THE statue of Constantine the Great at York Minster is not under threat, according to a spokesperson - but the Church of England has launched a review of all its monuments in response to the Black Lives Matter movement.

A spokesperson for the Minster said they are not looking to remove the statue of the former Roman emperor in Minster Yard - despite reports in national media.

And they confirmed the Minster has not received a single complaint about the statue.

The Archbishop of Canterbury has said the Church of England will look at statues “very carefully” to see if they should be there.

The Most Rev Justin Welby suggested “some will have to come down” but said it is not his decision and that monuments would be put “in context”.

A spokesperson for the Minster said the review is a “complex matter” and added: “It is about recognising those specific examples of where memorials are, what they mean to people and the behaviours which are still reflected in prejudices and discrimination today, and ensuring that the whole story is told in those cases, especially voices which have historically been ignored.”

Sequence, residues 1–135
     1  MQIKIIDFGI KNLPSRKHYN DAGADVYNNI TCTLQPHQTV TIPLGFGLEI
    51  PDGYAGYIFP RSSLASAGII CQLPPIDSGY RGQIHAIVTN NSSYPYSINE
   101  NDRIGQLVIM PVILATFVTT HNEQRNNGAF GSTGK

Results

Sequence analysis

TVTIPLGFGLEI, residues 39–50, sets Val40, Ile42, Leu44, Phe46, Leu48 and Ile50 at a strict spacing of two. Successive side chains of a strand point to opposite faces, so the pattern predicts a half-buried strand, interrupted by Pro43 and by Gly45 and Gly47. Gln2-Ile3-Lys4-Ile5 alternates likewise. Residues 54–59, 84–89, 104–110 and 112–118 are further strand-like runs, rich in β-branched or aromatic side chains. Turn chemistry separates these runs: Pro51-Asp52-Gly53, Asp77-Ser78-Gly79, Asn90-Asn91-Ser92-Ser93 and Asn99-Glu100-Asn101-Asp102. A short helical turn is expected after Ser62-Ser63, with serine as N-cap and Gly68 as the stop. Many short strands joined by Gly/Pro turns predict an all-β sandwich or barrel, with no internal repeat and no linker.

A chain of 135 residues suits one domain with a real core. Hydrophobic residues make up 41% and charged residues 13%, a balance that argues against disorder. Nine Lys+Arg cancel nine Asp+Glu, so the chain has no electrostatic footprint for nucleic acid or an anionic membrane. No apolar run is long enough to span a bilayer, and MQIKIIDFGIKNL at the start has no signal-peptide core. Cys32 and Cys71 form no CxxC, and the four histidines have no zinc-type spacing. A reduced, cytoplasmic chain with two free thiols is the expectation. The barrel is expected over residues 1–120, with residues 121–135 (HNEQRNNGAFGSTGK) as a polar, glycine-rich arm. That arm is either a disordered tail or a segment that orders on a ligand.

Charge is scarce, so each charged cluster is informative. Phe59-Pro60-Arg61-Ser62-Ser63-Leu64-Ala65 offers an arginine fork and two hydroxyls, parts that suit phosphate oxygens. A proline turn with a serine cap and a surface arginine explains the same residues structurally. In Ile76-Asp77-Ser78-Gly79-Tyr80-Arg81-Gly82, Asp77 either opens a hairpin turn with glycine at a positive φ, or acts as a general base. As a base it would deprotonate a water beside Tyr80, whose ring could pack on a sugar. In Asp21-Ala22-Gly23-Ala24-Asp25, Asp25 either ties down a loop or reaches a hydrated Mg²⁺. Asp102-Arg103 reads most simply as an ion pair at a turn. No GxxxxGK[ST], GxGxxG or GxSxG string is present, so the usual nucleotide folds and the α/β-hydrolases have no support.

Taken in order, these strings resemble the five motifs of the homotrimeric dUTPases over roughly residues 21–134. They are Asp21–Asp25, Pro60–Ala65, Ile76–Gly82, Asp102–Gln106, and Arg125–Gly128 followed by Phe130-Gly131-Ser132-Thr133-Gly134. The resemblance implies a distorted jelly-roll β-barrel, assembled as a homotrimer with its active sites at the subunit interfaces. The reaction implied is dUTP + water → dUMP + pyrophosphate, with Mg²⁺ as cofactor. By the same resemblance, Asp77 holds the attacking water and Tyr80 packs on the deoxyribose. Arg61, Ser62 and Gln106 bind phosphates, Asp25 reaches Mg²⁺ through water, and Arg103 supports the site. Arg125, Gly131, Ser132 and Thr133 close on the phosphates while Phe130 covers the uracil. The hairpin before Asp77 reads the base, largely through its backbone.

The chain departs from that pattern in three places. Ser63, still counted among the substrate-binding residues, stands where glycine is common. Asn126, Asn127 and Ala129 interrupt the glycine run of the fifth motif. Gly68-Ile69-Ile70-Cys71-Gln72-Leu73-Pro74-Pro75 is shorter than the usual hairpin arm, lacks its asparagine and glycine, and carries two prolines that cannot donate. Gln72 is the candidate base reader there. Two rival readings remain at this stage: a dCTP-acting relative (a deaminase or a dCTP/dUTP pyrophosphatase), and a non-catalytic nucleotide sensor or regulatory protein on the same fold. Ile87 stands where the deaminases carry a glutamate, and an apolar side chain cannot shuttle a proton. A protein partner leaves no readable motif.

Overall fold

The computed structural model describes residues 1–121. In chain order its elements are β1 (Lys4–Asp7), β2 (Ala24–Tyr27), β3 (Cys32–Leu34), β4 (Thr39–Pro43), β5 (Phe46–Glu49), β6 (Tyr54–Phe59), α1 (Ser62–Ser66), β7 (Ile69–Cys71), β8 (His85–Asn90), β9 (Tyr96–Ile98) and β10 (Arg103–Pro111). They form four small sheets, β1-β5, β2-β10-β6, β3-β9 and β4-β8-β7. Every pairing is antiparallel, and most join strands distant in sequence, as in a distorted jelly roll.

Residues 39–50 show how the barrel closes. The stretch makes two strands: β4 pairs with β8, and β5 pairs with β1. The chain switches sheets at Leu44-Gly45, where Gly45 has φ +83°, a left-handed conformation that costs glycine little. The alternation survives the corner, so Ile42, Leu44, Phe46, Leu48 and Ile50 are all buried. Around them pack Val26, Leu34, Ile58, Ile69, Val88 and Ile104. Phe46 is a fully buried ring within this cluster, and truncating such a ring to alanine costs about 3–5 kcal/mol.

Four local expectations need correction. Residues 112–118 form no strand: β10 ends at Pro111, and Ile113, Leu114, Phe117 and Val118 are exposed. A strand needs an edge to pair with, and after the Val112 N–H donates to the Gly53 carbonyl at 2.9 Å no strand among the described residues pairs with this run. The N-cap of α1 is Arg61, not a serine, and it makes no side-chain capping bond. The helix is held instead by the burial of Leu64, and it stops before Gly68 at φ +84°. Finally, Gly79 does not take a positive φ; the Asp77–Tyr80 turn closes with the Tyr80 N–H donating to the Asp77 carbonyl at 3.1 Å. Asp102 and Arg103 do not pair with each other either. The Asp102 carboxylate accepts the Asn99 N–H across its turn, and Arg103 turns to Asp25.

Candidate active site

They added that the Transatlantic slave trade is the most prominent example.

Mr Welby said justice is crucial to forgiveness, and stressed a need to learn from the past so that it is not repeated in the future.

The Archbishop was asked if people should forgive the “trespasses” of people immortalised in the form of statues, rather than tearing them down.

He told BBC Radio 4’s Today programme: “We can only do that if we’ve got justice, which means the statue needs to be put in context. Some will have to come down.

“Some names will have to change.

“But yes, there can be forgiveness, I hope and pray as we come together, but only if there’s justice.”

The Church of England’s Director of Church Buildings and Cathedrals, Becky Clark, said: “Action is being taken by parishes and cathedrals across England to consider monuments which have links to slave trading or the exploitation of people. Some churches have previously acknowledged and exposed this legacy, but many are just beginning this work in response to the spotlight shone on these questions by the Black Lives Matter movement.”

York’s Constantine the Great statue was commissioned by York Civic Trust and designed by sculptor Philip Jackson.

The £78,000 monument was unveiled in 1998 by Lord Coggan, a former Archbishop of York and Canterbury.

It stands on the spot in what is now Minster Yard where he was proclaimed Roman Emperor in 306AD - the first Roman Emperor to convert to Christianity.